UNESCO describes the area as having caves and the longest natural bridge in the world. It is in China’s Guangxi Zhuang Autonomous Region.
On its website, UNESCO says, “The UNESCO Global Geopark is primarily sedimentary with more than 60 percent of 3000m thick Devonian to Permian carbonate rocks.”
“It forms an ‘S’-shaped structure and a rhombus configuration in the karst areas of Leye and Fengshan counties respectively, which controlled two large subterranean rivers’ development, the Bailang and Poyue.”
“In addition, between these two subterranean rivers the Buliuhe River was formed. Around these rivers, it formed numerous karst geosites including high karst peak clusters (fengcong), poljes, karst springs, karst windows (tiankengs), natural bridges, extensive caves, massive cave chambers and speleothems.”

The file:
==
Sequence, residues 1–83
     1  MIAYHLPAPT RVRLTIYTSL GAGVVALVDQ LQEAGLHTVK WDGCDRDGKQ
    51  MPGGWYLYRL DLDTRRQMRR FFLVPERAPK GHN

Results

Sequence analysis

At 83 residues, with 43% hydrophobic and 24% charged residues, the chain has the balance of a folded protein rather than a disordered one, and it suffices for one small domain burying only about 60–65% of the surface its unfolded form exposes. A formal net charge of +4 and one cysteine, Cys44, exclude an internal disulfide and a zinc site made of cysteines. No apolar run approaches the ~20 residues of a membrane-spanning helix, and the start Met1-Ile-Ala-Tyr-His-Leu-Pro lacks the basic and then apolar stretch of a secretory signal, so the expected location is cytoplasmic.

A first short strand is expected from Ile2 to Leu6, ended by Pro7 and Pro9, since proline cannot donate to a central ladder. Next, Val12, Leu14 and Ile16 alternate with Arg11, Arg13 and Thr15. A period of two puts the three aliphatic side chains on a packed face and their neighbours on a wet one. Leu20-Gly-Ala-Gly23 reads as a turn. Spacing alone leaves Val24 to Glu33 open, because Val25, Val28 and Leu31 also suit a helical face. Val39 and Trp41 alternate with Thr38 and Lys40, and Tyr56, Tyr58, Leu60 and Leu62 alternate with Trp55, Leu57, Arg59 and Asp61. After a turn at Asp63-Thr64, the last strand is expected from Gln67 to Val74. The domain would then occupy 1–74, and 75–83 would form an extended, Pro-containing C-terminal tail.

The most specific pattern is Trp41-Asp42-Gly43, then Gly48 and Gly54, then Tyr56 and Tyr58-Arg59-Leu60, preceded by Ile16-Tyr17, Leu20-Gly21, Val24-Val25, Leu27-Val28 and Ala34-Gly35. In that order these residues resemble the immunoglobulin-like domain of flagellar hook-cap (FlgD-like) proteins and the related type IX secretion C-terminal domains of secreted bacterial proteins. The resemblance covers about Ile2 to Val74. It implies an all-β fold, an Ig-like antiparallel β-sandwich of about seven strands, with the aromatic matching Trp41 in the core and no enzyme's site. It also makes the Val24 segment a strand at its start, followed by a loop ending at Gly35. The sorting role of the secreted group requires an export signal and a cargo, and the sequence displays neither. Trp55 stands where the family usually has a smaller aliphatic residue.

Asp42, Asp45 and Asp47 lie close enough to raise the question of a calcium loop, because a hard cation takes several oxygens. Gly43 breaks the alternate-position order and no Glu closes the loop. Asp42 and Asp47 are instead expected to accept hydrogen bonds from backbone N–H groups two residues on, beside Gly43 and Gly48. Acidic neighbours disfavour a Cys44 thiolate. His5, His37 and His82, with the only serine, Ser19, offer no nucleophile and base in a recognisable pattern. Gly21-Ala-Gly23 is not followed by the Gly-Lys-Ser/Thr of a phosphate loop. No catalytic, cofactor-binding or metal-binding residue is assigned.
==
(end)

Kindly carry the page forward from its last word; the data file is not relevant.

“It also features fault zones, minor folds, giant panda fossils, a Neogene stratigraphic section and other fossils.
Karst is a type of land where the soil can break down, causing sinkholes from erosion from above or below the surface.
In May 2022, scientists found a new sinkhole in the park. It is more than 1,000 feet long, 490 feet wide, and almost 630 feet deep.
Many old trees and plants live in this sinkhole. Some of them may be types that haven’t been found before
In other parts of the world you walk out on the karst and you really don’t notice anything. Sinkholes might be quite subdued, only a meter or two in diameter.”
“Cave entrances might be very small, so you have to squeeze your way into them.”